Really, I mean it- consider all curves at B1 below 2e9 useless for M1277.
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Old 2022-06-06, 19:14   #6
kriesel
 
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Quote:
Originally Posted by bur View Post
Is there exactly _one_ sigma value that will produce the factor or are there several ones? Is it guaranteed there is a "winning" sigma? If so, within which bounds? I guess not, because then ECM would be deterministic by testing all possible sigmas.

And are the probabilities depending on the composite candidate? Are there composites for which more sigmas will produce a factor?
As I think I understand it, very thinly:
A sigma corresponds to a curve which corresponds to a set of points in a field. How many possible sigmas and curves are there? (Many; enough that it is expected that relatively few will be duplicated by selecting hundreds, to hundreds of thousands, of sigmas randomly for given bounds.) Are the curves guaranteed to not intersect at points corresponding to factors, so that factors are associated with unique sigmas? (Seems unlikely, given the large number of curves, and a guarantee of multiple intersections for each pair of curves; mn = 3x3 in Bezout's Law.) https://math.mit.edu/research/highsc...7-2%20Rhee.pdf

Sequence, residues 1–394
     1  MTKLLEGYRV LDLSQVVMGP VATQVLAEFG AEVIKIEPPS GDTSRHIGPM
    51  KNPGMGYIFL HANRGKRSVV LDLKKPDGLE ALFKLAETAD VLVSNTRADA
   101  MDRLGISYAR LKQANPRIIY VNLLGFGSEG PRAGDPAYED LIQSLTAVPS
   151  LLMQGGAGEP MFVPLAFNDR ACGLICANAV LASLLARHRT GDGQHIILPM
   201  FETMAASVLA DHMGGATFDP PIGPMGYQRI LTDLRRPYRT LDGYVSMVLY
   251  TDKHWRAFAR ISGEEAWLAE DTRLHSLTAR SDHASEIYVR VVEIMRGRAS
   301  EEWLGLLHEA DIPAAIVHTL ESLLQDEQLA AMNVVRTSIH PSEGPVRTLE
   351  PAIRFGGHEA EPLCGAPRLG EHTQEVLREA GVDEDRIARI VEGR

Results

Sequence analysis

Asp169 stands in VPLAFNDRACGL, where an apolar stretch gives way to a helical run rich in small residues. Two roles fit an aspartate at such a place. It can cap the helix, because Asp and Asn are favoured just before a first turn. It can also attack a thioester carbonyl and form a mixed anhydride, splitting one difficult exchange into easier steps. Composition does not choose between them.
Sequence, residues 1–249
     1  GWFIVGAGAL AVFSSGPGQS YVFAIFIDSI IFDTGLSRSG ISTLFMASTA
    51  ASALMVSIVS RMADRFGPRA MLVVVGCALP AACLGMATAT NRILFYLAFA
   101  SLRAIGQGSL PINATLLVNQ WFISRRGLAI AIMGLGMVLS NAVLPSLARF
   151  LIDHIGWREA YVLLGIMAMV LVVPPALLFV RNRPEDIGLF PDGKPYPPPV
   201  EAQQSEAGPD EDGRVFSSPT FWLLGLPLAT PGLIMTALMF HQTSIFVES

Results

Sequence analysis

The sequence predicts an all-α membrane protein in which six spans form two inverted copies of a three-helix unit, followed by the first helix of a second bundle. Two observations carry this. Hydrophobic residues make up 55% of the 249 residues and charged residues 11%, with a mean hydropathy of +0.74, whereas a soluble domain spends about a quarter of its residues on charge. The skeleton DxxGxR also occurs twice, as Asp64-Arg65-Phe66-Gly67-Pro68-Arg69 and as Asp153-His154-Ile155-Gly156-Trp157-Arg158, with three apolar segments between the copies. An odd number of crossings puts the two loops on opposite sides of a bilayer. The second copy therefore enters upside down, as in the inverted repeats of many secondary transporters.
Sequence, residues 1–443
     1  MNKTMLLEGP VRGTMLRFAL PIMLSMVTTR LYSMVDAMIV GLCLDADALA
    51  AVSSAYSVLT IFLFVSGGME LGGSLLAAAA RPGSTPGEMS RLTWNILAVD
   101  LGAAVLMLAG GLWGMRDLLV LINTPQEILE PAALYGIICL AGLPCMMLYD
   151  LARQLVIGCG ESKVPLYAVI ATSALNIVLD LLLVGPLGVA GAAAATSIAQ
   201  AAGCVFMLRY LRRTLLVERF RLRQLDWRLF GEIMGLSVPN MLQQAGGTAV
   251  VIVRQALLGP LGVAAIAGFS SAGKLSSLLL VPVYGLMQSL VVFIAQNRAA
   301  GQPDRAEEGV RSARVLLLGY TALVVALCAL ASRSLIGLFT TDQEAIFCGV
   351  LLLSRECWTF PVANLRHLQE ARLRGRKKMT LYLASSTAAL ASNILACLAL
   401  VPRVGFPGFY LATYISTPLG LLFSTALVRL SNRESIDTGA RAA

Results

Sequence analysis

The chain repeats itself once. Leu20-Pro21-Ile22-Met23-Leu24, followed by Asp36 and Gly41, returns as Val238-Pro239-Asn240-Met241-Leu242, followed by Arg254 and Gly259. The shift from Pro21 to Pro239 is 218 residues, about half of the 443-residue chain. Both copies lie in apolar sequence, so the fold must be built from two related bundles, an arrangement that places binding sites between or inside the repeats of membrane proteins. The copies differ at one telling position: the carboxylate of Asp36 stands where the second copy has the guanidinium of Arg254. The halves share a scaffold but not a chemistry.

And a response would be very welcome from someone who understands it well.
If multiple sigmas will find the same factors for some small exponent, an existence proof by finding at least two sigmas yielding the same small factor(s) ought not be difficult. And it turns out to be easy to find such. (Probably by poorly chosen bounds for the small task, but prime95 enforces a minimum B1.)

As a fast experiment, M79, with two small factors 2687 and 202029703, which are also easily found with trial factoring.
Code:
prime95 v30.8b14 (minimum B1=50k)
M79
s                B1     B2           Factor found
4011674131322832 50000  2,000,000    542853811961 = 2687 x 202029703
4273748159069600 50000  2,000,000    2687
5375224073660968 50000  2,000,000    542853811961 = 2687 x 202029703